A parental rights bill narrowly passed through an Idaho House committee, but opponents warn the vaguely worded measure could open the door to trouble.
House Bill 113 passed Wednesday largely along party lines, although eight Republicans voted against a measure they say is rife with “unintended consequences.”
State Rep. Reed DeMordaunt (R-Eagle), the House education chairman who strongly supports school choice, said the bill could allow parents to demand their child be taught in public school to follow Sharia law or demand Spanish-only classes.
“Every parent could then say they want their own specific textbook for their own child,” Reed said. “I don’t know what the cost of that is going to be.”
The legislation would expand Idaho law to give parents and legal guardians the “fundamental right to make decisions concerning the care, custody, education, and control of their children.”
Parents retain those rights “regardless of whether they continue to be recognized or articulated as constitutional rights by federal or state courts.”
The bill’s sponsor, state Rep. Janet Trujillo (R-Idaho Falls), said the measure stops judges who “legislate from the bench,” claiming she had seen media reports about courts restricting parental freedom in cases across the country.
However, when asked, Trujillo could not think of any examples from Idaho.
“This is not a response to any particular case,” she said.
State Rep. Pete Nielsen (R-Mountain Home) supported the measure, recalling that he had once objected to his teenage daughter learning about masturbation in health class – although he admitted the girl was permitted to leave when the topic was discussed.
But that’s not good enough for the right-wing Alliance Defending Freedom organization, which is pushing legislation that would allow parents to more closely direct their children’s education and appears to be a model for House Bill 113.
Julie Lynde, executive director of the ADF-affiliated Cornerstone Family Council, described the bill as common-sense legislation that protected families.
Committee members also heard testimony from a Boise woman caring for her 19-year-old sister after her faith-healing parents refused to treat a hole in the younger woman’s heart.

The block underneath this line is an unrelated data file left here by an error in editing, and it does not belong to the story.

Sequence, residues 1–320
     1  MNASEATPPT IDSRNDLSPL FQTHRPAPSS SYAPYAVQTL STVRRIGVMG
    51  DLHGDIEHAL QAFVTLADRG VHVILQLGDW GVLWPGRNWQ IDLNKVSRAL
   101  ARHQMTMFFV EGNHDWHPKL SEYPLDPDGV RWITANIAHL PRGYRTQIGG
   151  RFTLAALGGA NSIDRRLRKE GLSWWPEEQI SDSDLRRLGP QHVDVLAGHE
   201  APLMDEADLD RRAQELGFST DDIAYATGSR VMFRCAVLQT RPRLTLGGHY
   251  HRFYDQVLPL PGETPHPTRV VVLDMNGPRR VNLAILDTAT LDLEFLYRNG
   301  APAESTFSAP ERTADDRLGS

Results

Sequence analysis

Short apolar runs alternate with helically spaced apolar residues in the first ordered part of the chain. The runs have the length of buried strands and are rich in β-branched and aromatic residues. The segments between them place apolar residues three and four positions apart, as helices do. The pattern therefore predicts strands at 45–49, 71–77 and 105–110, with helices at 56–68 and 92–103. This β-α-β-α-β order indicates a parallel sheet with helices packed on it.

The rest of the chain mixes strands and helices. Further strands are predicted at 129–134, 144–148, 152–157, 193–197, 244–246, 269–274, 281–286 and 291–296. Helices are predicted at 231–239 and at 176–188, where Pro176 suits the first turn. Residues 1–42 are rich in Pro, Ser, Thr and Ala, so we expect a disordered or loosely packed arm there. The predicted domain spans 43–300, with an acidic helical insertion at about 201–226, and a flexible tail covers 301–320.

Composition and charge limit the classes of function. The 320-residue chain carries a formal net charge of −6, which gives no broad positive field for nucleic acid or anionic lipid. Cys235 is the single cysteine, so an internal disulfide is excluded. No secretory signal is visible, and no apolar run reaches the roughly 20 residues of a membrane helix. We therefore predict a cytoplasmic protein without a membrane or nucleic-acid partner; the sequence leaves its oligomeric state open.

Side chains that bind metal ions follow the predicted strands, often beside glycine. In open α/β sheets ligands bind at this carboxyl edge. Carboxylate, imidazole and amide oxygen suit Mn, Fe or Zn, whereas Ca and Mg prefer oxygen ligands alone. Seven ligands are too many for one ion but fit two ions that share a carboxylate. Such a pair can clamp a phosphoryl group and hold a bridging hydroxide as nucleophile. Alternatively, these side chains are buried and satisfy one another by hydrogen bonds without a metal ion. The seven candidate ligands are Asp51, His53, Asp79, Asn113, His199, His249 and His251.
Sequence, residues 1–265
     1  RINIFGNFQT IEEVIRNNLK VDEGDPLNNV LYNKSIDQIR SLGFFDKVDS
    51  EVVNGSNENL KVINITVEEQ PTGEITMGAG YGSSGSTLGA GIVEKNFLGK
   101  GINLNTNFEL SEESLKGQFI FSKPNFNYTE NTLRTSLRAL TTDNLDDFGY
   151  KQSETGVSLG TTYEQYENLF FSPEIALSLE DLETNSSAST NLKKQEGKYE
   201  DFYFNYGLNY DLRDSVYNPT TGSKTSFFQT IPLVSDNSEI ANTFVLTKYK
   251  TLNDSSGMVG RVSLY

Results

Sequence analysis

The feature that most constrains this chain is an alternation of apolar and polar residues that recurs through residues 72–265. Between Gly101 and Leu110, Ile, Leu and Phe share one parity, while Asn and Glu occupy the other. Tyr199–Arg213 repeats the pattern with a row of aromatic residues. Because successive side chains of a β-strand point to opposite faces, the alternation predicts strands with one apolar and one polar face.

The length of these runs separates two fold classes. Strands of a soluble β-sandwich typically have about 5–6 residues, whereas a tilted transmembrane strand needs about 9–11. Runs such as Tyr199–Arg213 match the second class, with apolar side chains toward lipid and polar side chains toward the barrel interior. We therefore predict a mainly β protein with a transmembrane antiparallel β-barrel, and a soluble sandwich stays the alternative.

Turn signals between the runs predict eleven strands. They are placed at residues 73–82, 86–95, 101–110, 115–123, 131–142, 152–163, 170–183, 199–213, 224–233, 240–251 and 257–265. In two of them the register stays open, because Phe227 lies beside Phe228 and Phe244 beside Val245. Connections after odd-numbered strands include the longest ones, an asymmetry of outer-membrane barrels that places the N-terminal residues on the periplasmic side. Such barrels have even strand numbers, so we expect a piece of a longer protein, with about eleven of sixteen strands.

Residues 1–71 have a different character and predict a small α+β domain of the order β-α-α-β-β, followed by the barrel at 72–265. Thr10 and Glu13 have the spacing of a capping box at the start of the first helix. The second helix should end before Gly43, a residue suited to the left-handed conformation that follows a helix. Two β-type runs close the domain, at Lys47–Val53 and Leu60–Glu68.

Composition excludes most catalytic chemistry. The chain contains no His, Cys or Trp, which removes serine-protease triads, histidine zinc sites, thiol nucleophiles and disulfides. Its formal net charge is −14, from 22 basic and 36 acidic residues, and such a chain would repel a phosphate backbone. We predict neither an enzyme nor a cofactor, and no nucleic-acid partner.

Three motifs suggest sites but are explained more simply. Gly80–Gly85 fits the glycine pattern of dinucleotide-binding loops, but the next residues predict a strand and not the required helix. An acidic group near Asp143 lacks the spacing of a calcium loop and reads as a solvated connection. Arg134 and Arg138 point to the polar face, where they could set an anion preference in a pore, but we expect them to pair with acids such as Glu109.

“We have to draw a line somewhere,” said Emily Walton, who said her sister will eventually need a taxpayer-funded heart and double lung transplant to survive. “Medical neglect isn’t something children can reverse.”
The state attorney general’s office warned the measure goes beyond what has been generally accepted by the courts.
“No current decisions of the Supreme Court of the United States or of the Idaho Appellate Courts recognize a fundamental right for parents to make decisions regarding their children’s education that are contrary to state requirements for their education,” said Deputy Attorney General Brian Kane.
The House Minority Leader warned that the bill, which will be voted on Friday, is a “very dangerous act for child welfare.”
“It overturns a whole body of law that we have put around the role of society in protecting children,” said House Minority Leader John Rusche (D-Lewiston).
Kane found that the bill would not likely interfere with existing child protection laws because courts would weigh those more specific statutes over Trujillo’s more general bill, although he admitted it could complicate court analysis.
State Rep. Kelly Packer (R-McCammon) voted against the measure, arguing the bill could undo previous state and federal legislation.
Trujillo denied that House Bill 113 would undo existing laws or expand parental rights, but her denial was contradicted by previous statements she made to lawmakers.
“Although the U.S. Supreme Court clearly recognizes parents’ rights as fundamental, and thus protected by a higher standard of review, many lower courts over the last 25 years have eroded this traditional view of parental rights,” Trujillo said.